Shane Forbes -- a native of Ariton, Ala. (population 800), who is an aircraft mechanic at Fort Rucker and a trustee in an Enterprise local -- said Southerners can best organize Southerners. "We look like them and sound like them," he said of the Airbus employees. "We have similar backgrounds."

Forbes defies the stereotype of union members who back liberal social causes. "I will be union 'til the day I die, but I will vote for someone who thinks what I think," he said. "I have moral obligations I believe in."

The UAW election at VW and the cancelled elections at Delta and Boeing Charleston all underscore the complications associated with labor organizing in the South. That includes local politicians in Tennessee and South Carolina, who were outspoken opponents of the union effort.

A spokeswoman for Alabama Gov. Robert Bentley did not respond to requests for a comment.

At VW, the UAW lost a February 2014 election even though the automaker didn't oppose unionization. Now Chattanooga is the only VW plant in the world that lacks a works council with employee representatives.

The UAW has continued its efforts to represent workers. In an April filing, it said it is supported by 55% of them. But some workers are represented by an anti-UAW worker group called the American Council of Employees.

At Delta, the U.S. Justice Department is reviewing the case of thousands of fraudulent signatures on cards requesting a union election. When the mystery surfaced in April, the IAM postponed its effort. Both Delta and the IAM welcomed the review.

Must Read: Delta Flight Attendant Fake Union Card Mystery Referred to Feds

 

At Boeing in Charleston, the IAM -- which represents 35,000 Boeing workers in Seattle -- canceled a planned April unionization vote for 3,175 workers, citing "an atmosphere of threats, harassment and unprecedented political interference." Boeing said the charge was frivolous. South Carolina Gov. Nikki Haley once declared: "I wear heels, and it's not for a fashion statement. It's because we're kicking the unions every day."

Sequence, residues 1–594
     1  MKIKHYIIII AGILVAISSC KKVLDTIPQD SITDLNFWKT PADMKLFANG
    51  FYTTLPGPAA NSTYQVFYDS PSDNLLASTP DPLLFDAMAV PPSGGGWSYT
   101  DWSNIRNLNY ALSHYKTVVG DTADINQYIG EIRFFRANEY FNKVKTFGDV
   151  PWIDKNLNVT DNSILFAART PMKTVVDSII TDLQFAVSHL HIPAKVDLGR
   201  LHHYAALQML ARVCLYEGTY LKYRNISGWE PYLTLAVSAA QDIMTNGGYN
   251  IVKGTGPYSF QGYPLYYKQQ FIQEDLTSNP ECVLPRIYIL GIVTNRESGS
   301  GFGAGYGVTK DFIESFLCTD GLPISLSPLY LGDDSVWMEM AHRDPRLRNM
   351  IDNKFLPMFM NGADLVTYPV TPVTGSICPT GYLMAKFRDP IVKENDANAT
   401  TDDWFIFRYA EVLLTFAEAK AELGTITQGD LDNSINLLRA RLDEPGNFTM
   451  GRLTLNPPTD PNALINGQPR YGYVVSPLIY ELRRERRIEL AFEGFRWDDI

Mark Blondin, IAM general vice president of the Southern territory, said filing for an election enabled the union to learn the names and addresses of the members of the Boeing bargaining unit. "Over several years they used a lot of non-Boeing employees," Blondin said. "It was hard to get a handle on how many people there were and who was Boeing and who was a contractor. Now that has been clarified."

Despite the high-visibility setbacks, IAM can claim its share of victories in the South. In the last 24 months, the union has organized more than 3,000 area workers, including about 1,200 at URS (URS) who refurbish vehicles at the Red River Army Depot in New Boston, Texas, and about 1,000 who work on helicopters for L-3 Communications (LLL) at the Corpus Christi Army Depot.

Meanwhile, an Alabama success story involves about 100 IAM workers who lost their jobs in the 2009 closure of a plant in McIntosh, Ala. -- operated by London-based agribusiness giant Tate & Lyle -- that makes the key ingredients in Splenda sweetener. The work was moved to Singapore, but in 2011 it was moved back to Alabama.

Workers "were taken care of; they got a severance package," when the plant closed, said the IAM's Granado. When the plant reopened, "they asked us to 'find our workers,'" he said. Most workers returned. "Buy all the Splenda you can," Granado added.

Nice, but at some point, the labor movement in the South needs something more than a sweetener.

 

 

 

 

 

 

 

 

 

 

This article is commentary by an independent contributor. At the time of publication, the author held no positions in the stocks mentioned.